Wednesday, August 8, 2007

what is air?



On the road in China. Back across on the ferry, towards the modern mecca of Shanghai. Hours in cars, ever pondering. Today I have already walked across hotel lobbies lined with fossiliferous limestones; trudged up factory staircases where coarse quartz nuggets and sinuous hornblende stringers dance in the frozen majesty of their own personal ice age: negotiated textile prices, contemplated yellow bitter melon flowers and the ochre red of roadside bricks, and eaten jellyfish, tripe, and pumpkin flavored sticky rice cakes.

On: from business, to business.

I have recently devoted a number of posts to various theoretical questions, and now discover a wish to return to a few discussions of my active work interests and the questions they raise.

In order to do this I sometimes end up sharing more intimate personal observations, including material that may not be of practical use to readers without specific personal direction—which, sadly, can’t be offered in a blog.

My apologies there. Follow as best you can.

As my work progresses, more and more often I find myself engaged in a study of my precise physical state, such as it is.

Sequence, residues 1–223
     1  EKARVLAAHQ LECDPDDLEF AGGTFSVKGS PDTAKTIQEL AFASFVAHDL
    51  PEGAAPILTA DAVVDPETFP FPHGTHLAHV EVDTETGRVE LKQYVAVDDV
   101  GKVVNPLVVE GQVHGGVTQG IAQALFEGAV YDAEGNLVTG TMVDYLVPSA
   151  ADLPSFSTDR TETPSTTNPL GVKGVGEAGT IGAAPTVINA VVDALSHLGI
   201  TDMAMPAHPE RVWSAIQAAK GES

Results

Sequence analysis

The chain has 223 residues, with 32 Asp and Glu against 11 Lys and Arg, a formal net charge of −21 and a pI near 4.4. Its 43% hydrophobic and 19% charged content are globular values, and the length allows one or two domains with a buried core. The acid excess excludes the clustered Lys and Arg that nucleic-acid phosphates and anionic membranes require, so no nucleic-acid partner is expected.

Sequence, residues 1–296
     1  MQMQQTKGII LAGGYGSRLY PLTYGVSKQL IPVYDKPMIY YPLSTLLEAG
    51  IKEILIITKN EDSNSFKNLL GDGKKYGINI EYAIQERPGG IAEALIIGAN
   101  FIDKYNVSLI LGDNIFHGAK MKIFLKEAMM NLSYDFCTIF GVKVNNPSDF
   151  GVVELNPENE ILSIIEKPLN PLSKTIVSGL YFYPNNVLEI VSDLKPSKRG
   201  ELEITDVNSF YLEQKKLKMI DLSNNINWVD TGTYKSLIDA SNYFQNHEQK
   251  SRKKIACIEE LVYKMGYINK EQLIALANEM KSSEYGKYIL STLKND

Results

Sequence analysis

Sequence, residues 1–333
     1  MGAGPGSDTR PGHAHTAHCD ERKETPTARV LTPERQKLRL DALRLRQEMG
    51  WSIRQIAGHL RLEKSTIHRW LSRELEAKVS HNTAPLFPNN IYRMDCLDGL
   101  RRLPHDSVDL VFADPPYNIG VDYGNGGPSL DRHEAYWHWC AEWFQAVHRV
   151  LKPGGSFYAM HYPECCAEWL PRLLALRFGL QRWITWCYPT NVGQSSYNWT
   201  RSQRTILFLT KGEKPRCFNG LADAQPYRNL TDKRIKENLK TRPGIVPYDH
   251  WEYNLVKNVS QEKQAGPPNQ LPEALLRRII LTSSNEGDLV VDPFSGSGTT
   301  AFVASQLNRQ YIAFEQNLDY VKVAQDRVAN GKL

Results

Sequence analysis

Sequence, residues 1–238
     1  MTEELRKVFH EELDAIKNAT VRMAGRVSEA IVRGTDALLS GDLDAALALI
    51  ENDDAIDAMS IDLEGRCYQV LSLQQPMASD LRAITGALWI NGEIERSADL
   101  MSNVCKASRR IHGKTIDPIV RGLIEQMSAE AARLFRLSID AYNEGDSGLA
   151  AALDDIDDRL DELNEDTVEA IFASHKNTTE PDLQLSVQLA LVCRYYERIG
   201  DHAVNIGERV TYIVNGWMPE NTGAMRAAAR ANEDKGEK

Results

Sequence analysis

When our work centers around our attitudes, our ideas, our psychology and its inevitable consequences—all of which arises from our personality and its contact with the outside world—we inevitably study our interaction with the outside world, and aim at results that correspond to the outside world. In other words, we seek to understand the external, be in right relationship to the external, fix the external—as if that were in fact possible.

It’s perhaps inevitable that inner work begins in the external. As it progresses, however, if it deepens, becomes more organic, we begin to see that the root cause of how things are, how we are, arises from an inner state that is not so much mental as physical in nature. The inner state—our ennegram, our solar system in formation —is what is out of kilter. We’re not connected right inside.